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‘US-Turkish relations deteriorating rapidly’

‘US-Turkish relations deteriorating rapidly’
Turkey is upset over US collaboration with the Kurds in Syria as it feels it will empower the minority, says author/historian Gerald Horne. There’s also the question of Qatar, which Turkey has supported and President Trump has been attacking furiously.

Recep Tayyip Erdogan issued a furious response to Washington after members of his security team were charged with assaulting protesters in the US capital during his official visit there last month.

RT:  Erdogan has said he will “fight politically and judicially” against the arrest warrants. Do you think he would have any chance of winning that battle in the American courts?

Gerald Horne: I don’t think so, because you have to realize that US-Turkish relations are deteriorating rapidly. First of all, there is the Kurdish question. As you well know, the US is collaborating with the Kurdish population in Syria, supposedly to attack the [Islamic State or IS, formerly] ISIS forces in Raqqa. Turkey is upset because it feels it will empower simultaneously its Kurdish minority.

Secondly there is a question of Qatar, the small Persian Gulf monarchy which has been subjected to air, sea and land embargo by Saudi Arabia and Egypt, not least. Turkey has moved to support Qatar and has sent 3,000 troops, Turkish troops, to that monarchy to stave off in the wild actions by the Saudis and their Egyptian comrades. At the same time President Donald Trump has been attacking Qatar furiously.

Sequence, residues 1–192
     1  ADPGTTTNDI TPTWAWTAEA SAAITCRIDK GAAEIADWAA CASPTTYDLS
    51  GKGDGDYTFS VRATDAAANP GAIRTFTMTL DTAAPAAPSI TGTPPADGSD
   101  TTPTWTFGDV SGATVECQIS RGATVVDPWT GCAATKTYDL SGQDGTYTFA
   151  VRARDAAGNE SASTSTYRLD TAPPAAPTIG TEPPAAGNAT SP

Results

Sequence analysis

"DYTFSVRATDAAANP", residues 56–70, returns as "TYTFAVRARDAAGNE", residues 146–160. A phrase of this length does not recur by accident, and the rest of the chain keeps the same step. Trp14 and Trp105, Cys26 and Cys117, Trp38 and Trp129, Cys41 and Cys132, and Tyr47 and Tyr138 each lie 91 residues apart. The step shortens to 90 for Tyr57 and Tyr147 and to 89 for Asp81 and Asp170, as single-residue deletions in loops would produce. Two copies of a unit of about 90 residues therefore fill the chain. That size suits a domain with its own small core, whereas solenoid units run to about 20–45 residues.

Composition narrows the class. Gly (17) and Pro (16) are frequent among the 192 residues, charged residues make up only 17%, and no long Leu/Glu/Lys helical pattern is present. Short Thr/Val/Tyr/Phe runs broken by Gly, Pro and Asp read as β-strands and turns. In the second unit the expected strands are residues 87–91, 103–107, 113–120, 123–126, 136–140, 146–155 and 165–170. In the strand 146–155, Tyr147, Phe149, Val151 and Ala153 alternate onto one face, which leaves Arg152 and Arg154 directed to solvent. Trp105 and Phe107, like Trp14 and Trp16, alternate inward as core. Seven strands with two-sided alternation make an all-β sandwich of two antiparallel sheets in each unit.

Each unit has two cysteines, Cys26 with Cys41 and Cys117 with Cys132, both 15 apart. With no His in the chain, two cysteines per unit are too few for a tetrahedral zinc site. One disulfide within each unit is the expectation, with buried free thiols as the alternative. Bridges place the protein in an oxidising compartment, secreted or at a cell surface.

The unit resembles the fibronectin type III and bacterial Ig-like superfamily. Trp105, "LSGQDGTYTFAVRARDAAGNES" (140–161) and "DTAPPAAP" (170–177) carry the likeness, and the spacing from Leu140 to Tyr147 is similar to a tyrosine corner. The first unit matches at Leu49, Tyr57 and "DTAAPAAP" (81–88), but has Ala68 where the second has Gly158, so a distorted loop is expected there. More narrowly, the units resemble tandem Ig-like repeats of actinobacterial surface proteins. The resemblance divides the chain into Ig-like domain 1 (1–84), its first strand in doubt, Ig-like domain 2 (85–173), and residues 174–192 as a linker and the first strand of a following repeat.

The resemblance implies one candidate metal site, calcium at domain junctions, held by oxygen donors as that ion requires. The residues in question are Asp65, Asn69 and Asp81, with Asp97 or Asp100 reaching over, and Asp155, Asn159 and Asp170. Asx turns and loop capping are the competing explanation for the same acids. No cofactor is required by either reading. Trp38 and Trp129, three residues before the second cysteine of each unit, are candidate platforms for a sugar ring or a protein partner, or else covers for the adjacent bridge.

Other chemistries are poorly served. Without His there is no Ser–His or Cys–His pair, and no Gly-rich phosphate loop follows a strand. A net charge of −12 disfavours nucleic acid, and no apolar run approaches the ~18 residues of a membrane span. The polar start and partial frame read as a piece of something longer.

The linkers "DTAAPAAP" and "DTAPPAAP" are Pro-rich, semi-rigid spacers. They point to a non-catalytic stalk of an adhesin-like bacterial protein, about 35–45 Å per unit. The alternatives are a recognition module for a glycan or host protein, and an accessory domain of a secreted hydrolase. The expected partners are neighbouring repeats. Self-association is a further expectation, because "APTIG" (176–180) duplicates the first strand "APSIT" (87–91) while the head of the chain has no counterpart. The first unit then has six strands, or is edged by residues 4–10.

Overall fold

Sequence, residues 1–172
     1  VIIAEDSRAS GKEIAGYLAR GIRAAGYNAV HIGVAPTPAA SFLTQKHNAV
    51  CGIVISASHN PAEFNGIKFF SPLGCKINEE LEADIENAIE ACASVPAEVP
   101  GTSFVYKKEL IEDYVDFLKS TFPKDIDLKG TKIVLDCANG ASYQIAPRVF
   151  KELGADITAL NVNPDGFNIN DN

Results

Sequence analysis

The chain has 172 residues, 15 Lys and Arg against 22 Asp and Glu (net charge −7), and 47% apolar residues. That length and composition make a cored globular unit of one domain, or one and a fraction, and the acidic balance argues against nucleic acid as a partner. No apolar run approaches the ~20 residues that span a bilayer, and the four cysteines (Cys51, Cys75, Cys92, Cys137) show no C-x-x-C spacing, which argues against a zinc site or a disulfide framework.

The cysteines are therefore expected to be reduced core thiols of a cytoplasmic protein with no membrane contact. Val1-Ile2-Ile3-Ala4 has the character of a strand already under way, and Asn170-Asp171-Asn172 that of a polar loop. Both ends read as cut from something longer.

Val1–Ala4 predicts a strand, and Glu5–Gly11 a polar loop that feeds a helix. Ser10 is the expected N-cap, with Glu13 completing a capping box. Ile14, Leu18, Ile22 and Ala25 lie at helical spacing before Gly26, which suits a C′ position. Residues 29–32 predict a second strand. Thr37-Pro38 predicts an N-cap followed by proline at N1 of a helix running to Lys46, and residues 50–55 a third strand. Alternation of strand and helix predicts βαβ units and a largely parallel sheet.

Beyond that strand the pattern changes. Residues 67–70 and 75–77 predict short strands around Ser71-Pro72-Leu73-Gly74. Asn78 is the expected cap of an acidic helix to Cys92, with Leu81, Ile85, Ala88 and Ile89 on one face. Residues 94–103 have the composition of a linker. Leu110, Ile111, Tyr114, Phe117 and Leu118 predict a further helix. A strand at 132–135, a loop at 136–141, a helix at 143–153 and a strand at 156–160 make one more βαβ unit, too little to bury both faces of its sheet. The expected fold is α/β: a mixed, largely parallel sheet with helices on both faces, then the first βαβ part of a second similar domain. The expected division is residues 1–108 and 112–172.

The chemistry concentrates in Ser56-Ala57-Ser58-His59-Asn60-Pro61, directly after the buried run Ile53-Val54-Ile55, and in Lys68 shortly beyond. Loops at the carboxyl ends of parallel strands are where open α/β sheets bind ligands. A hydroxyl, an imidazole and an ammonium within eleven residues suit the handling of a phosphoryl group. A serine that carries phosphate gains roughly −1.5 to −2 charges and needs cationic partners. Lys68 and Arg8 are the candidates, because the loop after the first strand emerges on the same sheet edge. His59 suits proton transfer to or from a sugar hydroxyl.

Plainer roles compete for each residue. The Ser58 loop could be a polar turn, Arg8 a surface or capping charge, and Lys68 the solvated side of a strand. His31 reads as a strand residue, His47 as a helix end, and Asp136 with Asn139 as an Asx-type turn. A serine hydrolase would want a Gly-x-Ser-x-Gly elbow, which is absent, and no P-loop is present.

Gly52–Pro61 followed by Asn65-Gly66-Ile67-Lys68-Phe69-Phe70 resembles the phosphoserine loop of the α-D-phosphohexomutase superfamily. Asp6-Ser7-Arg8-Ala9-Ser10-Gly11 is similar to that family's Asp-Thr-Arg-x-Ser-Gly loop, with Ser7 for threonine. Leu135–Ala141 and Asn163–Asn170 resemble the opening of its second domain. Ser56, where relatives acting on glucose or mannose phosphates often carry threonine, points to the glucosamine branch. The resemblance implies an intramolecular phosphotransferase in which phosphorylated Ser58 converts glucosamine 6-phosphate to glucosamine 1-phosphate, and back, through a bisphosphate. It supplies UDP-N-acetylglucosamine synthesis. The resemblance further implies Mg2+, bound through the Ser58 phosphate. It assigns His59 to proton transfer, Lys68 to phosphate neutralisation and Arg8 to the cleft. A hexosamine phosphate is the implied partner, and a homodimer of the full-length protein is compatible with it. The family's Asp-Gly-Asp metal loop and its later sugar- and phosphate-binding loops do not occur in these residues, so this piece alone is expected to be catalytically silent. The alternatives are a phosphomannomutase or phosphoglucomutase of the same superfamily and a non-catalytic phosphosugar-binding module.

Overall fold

But as a footnote I should mention that Qatar has just arranged to buy $12 billion in US fighter jets, and that is a kind of bribe to Washington that may stay the hand of Trump, but I don’t think it will keep Turkish-US relations from deteriorating ever more rapidly.

RT:  The Turkish embassy insists that the guards were acting in self-defense against the protesters. Judging by the videos of the incident, does that sound convincing to you?

GH: I must say that the Turkish security seemed to be rather aggressive in attacking the demonstrators. At the same time, keep in mind that it was in July, 2016, that President Erdogan was subjected to a military coup. He is very skittish right now about his security, because apparently the coup plotters planned to assassinate him. Apparently the Turkish authorities have reason to believe that the demonstrators in Washington, DC, were somehow connected to the coup plotters, and that may help to shed light to their excessive approach in response to these demonstrators.

RT:  The dispute has already derailed a $1.2 million small-arms sale to Turkish security forces, which was expected to be approved by the US State Department last month. Could there be further repercussions?

GH: I’m afraid so. First of all, there is the US airbase that’s in Turkey that is used for actions in both Iraq and Syria. It may be up for negotiations. Keep in mind that already German troops that have been stationed at that same airbase in Turkey have come to a kind of road block in terms of getting access. That is to say, German politicians getting access to German troops at this base. That helps to suggest that probably US-Turkish relations would deteriorate ever more rapidly.

The statements, views and opinions expressed in this column are solely those of the author and do not necessarily represent those of RT.